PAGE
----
Question: Vladyka Amfilohije, many of your scholarly works are dedicated to the Mystery of the Eucharist. The absolute majority of people today believes “in their soul” and does not understand why they have to go to church. Explain, please, why it is so important to participate in the Liturgy.

Answer: The Liturgy is the heart of the Church, it is the Church itself, as Khomiakov said in the nineteenth century. He who knows what the Liturgy is knows what the Church is. The essence of the Church is precisely in the Liturgy. The Old and New Testaments are present in it, and God’s revelation. The image of the authentic Christian life is present in it, the image of repentance and humble-mindedness. The fundamental attribute of the Church is present in it: its sobornost [catholicity, conciliarity]. The apostolic faith, which the Holy Fathers have confessed for centuries, is present in it. The Holy Spirit is present in it, to Whom we offer the Gifts, and Who transforms them into the Body and Blood of Christ. Christ Himself is present in it, the same Who was yesterday, is today, and will be tomorrow. The living experience of Christ, the Communion of His Body and Blood – this is what the Liturgy gives us.

Contemporary man is a man of experience; he wants to touch everything with his hands. His nature is reminiscent of that of the Apostle Thomas: “If I do not touch Him, I will not believe.” The wounds of the Lord Church are in the Liturgy. Therefore after the Liturgy we sing: “We have seen the true light, we have received the Heavenly Spirit.” This is the Church’s deepest experience. All the Church’s powers are assembled in the Liturgy. Life beyond the boundaries of the Liturgy must be its continuation.

It is interesting that when, during the Soviet years, Metropolitan Nikolai (Yarushevich) of Krutitsa and Kolomena would be asked by western journalists: “How do you educate the people in Russia, if there is no catechetical instruction? Given such persecution, there is no possibility to study the history of the Church or Holy Scripture,” he would reply: “We serve the Liturgy.” This is, I think, a very profound and true answer.

It was precisely the Liturgy, served during the years of Bolshevik persecution of the Church, that preserved the chastity [lit., whole-mindedness] of the Russian soul. The Church renewed its life precisely because it experienced the cross of Christ, His crucifixion, and the new experience of Christ’s Resurrection. St Seraphim of Sarov prophesized that there would be suffering and trials, but he also saw this resurrection, which was born precisely from the Liturgy by the power of the Holy Spirit.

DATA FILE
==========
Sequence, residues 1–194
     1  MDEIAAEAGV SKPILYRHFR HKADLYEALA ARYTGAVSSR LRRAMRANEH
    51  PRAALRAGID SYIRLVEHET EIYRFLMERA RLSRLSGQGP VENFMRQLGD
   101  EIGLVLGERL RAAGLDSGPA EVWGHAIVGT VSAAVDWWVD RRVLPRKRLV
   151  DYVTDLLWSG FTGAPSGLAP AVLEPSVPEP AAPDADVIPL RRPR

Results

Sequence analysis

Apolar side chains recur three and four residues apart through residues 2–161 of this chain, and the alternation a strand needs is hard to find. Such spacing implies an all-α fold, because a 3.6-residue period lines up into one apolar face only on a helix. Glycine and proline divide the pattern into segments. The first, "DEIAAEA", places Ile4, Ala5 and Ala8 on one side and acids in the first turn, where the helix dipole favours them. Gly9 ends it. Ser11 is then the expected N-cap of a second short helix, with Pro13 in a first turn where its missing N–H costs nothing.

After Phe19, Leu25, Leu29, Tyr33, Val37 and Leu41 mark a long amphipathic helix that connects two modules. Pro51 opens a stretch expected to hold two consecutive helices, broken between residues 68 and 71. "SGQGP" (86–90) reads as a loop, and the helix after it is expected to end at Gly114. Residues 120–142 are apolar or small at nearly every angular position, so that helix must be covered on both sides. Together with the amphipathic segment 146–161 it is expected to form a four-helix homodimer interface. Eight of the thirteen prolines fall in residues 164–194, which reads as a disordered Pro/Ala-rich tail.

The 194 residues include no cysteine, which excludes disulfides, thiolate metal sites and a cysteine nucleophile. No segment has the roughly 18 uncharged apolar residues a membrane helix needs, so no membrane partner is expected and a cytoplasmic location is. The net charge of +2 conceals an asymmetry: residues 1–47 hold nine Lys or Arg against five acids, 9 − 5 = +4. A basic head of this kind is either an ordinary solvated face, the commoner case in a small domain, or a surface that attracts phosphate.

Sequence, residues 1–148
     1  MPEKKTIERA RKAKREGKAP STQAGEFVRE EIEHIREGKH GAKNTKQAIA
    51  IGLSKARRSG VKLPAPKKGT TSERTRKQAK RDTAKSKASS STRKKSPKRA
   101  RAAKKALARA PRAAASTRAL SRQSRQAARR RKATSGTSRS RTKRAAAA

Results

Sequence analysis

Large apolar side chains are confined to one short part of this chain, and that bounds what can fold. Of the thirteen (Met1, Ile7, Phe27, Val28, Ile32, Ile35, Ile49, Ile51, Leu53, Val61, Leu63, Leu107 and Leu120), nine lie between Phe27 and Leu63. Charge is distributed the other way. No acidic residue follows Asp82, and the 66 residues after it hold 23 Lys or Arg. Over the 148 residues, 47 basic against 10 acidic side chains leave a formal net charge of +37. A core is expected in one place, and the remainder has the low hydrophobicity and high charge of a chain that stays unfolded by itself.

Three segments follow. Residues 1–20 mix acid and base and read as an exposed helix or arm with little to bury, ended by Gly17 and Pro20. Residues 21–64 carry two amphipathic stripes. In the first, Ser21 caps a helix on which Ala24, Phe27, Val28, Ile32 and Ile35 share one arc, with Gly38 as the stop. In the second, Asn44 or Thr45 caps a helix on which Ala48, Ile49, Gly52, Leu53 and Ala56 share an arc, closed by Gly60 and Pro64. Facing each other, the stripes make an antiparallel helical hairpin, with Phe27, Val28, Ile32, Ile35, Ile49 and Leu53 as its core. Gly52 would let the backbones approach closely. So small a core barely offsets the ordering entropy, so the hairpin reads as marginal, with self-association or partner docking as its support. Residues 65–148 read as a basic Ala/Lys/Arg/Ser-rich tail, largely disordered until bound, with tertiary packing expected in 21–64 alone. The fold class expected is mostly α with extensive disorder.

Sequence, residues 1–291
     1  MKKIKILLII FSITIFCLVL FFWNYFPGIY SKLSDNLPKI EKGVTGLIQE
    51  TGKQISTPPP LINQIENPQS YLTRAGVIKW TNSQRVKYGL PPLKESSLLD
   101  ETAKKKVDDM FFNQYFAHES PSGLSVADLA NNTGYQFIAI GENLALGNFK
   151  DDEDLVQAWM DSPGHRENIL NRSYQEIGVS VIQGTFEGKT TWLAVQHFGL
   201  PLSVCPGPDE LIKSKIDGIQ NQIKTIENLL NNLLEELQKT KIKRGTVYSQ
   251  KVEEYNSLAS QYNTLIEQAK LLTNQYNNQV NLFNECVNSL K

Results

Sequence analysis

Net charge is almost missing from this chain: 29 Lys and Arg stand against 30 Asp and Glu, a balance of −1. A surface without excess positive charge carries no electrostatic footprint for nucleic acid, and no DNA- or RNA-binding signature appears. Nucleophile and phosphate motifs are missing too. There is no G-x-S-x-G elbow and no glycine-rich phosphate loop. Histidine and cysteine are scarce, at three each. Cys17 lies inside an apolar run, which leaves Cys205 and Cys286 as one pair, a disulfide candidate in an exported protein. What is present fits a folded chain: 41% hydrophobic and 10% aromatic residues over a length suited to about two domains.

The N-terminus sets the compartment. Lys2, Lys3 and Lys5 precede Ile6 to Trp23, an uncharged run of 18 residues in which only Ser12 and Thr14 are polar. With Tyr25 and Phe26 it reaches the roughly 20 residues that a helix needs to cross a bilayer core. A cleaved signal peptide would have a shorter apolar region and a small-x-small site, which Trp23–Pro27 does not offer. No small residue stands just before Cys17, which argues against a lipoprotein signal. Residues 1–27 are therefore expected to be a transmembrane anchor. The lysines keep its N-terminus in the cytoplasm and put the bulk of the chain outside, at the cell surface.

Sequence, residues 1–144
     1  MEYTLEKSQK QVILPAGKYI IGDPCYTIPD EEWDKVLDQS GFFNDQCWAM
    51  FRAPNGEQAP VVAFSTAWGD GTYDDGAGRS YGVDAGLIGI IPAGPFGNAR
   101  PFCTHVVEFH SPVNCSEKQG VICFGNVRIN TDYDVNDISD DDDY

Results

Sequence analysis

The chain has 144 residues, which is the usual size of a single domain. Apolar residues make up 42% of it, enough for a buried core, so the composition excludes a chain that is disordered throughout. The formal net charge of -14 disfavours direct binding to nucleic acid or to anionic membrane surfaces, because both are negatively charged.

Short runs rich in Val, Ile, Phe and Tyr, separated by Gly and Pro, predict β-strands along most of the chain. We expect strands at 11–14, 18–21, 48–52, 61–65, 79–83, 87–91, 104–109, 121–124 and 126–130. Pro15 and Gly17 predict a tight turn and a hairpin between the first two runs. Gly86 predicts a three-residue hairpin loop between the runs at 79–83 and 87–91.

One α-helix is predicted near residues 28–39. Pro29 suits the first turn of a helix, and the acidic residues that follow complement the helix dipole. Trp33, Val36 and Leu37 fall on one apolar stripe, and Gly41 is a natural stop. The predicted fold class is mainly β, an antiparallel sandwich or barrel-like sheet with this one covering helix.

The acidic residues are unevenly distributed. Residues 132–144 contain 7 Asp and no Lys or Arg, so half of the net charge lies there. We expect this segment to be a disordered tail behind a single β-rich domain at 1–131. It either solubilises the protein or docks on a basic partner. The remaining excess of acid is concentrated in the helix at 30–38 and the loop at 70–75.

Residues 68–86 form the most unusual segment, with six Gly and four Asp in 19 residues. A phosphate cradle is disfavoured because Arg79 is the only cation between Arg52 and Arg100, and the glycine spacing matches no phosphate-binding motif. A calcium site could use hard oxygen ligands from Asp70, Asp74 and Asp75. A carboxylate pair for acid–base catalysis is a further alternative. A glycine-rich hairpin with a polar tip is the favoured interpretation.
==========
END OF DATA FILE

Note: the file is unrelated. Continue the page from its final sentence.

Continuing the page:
Question: Dear Vladyka, every guest from Russia visiting Montenegro awaits an unusually warm reception in every monastery, in every family. What is the root of such a strong love for Russia and everything Russian?

Answer: This is the spirit of God’s Church, which is present both in Montenegro and in Russia. The closer we are to this Church spirit, the closer we are to one another. Church love is a particular love, founded on the reason you mentioned. On the other hand, there is an historical context, true and deep, which goes back to Sts Cyril and Methodius. I had the pleasure of reading Russian writers; as a seminarian I conversed with Russian professors who showed us great love. I remember Fr Pavel, a deacon, with whom I quarreled a bit. But I truly felt one thing from this man – that he loved me! I did not understand this at once, but only after I had finished university, when I went to him for advice: I wrote him a letter and he replied immediately. Immediately! There were others: Fr Viktor Tsarevsky, Fr George Svishchov, who left nothing but the best memories. Fr Vikenty Fradinsky taught us Church history. He lived it: talking about the First Ecumenical Council, he himself was a participant in word! And Vladyka Antony (Bartoshevich). Whenever he saw me he always joked, recalling the words of Metropolitan Joseph from Transcarpathia: “We, idiot Serbs, and you, insane Russians”… Later I met Aleksandr Solzhenitsyn in Paris. He had been exiled from Russia, and I gave him a cross from Athos: “To the cross-bearing Aleksandr, an Athonite cross.” Our spiritual father [Fr Justin Popovic] went to Confession to Metropolitan Anthony (Khrapovitsky) and later to Fr Vitaly Tarasiev in the Russian Church of the Holy Trinity. Fr Vitaly was the most beloved priest in Belgrade! The common suffering of Slavs has brought us together. The Church of God, like a stove, lit with the fire of God, renews and heals the soul. May God grant that the Orthodox spirit broaden and strengthen throughout the world!

1 comment:

Bryce said...